Can Tinseltown's War Games Train G.I. Joe?

The U.S. military is getting help from Hollywood pros and computer-game designers in creating virtual combat simulators

The stupefying special effects of movies such as The Matrix gave tens of millions of moviegoers a cinematic jolt. Now, the military hopes to tap into these effects and the stories Hollywood weaves around them to create the ultimate in war games. In November, the U.S. Army signed a five-year, $45 million contract with the Institute of Creative Technology (ICT) at the University of Southern California to build cutting-edge combat simulations.

Call it the ultimate suspension of disbelief. With the deal, the military hopes to tap into the "power of entertainment" in its training -- using not only computer wizardry but also compelling human stories with unique characters similar to Hollywood dramas, says Jim Blake, senior scientist at the Army Simulation, Training & Instrumentation Command in Orlando which oversees the project.

Blake and the rest of the brass believe such living and breathing scenarios will better simulate the true emotional feel of combat and enable better decisionmaking when bullets really do fly. "The entertainment industry can help us tell a story, weaving the elements into a scenario that produces emotional involvement, participation, and learning," Blake says.


  But can a bunch of Tinseltown twinkies teach G.I. Joe how to drive a tank or do a door-to-door search in an urban war zone? Well, that's the idea. And ICT has already enlisted an A-Team of Hollywood directors, writers, and special-effects experts who have worked on such films as Apollo 13 and Star Wars. Onboard at ICT are Grease director Randal Kleiser; Andre Bormanis, chief science adviser for some of the Star Trek TV spin-offs; and Star Wars vehicle designer Ron Cobb. ICT has also added John Milius, screenwriter of Clear and Present Danger and Apocalypse Now, as a consultant. "What simulations create are those environments that allow you to learn with consequences but no damage. Nobody gets killed, and that is one of the great values. You can do things that don't exist in the real world," says ICT Executive Director Richard Lindheim.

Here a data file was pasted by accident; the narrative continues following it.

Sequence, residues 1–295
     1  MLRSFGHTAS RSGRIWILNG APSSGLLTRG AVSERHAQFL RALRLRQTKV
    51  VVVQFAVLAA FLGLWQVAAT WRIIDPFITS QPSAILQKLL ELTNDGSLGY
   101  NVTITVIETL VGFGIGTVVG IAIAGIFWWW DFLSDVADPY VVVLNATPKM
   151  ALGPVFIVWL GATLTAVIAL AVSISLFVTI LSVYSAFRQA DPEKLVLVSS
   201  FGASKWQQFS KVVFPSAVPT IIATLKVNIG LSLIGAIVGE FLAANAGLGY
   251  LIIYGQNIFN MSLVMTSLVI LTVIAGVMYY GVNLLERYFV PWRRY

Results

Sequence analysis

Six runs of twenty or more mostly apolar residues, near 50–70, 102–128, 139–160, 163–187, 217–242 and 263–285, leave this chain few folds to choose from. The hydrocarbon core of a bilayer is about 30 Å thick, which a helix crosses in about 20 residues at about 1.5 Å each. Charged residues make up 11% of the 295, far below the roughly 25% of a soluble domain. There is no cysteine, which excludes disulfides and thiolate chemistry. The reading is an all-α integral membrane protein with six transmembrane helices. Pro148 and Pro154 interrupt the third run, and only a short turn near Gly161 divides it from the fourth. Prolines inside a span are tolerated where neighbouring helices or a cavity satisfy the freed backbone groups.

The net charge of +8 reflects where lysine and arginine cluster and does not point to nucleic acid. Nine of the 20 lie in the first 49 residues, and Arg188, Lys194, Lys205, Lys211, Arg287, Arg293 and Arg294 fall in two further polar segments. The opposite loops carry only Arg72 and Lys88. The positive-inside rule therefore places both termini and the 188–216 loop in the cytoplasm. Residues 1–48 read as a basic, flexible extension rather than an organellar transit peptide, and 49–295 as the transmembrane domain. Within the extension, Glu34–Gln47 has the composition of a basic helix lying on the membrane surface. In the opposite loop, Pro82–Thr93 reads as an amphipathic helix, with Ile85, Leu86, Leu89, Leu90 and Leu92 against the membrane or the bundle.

Use of high-tech combat simulation is nothing new to the military. The U.S. Marines have used a modified version of the popular multiplayer shoot-'em-up computer game Doom to train their troops for firefights. And military pilots regularly spend long hours on simulators to hone their skills in an environment where crashing has no consequences. More recently, the military has contracted with Sony to adapt the PlayStation2 game console for virtual training. And Paramount Pictures has signed a deal to deliver simulation training that develops the problem-solving skills of recruits over the Internet.

But the ICT effort for the Army will bring together a unique combination of university computer scientists and movie-industry bigwigs in a grand experiment. The goal is to perfect virtual-reality training by melding artificial intelligence, smells, and sounds with the special effects developed for movies. But unlike standard video games or linear feature films, participants will make complex decisions with seemingly real consequences in a totally immersive environment. "We are working with the military to do out-of-the-box thinking," says Michael Murguia of computer-game designer New Pencil. "The ultimate goal is to create a new prototype game in real-time 3-D."


  Not surprisingly, the biggest technological challenge faced by ICT is developing credible artificial intelligence and "virtual humans that emit emotion," says Lindheim. Of course, there will be spectacular visual wizardry, as well. Specifically, ICT is working on simulating a 360-degree view from a vehicle and holographically placing synthetic objects in a real environment.

Hollywood insiders hope the project could produce some breakthrough technologies with civilian applications in the movie and graphics businesses. To that end, ICT has contracted with graphics and games designer 3D Pipeline to develop improved compression software that could be used to more easily push fat graphical streams of data over the Internet. And Ultimat, which did special-effects work on Titanic, has been assigned to come up with new graphic technologies. Says Blake: "The military would like to see a training experience achieve the highest possible level of fidelity." If the success of Titanic is any indicator, Blake could have a big hit with the troops on his hands. It sure beats boot camp.

By Dennis Blank in Orlando

Edited by Alex Salkever

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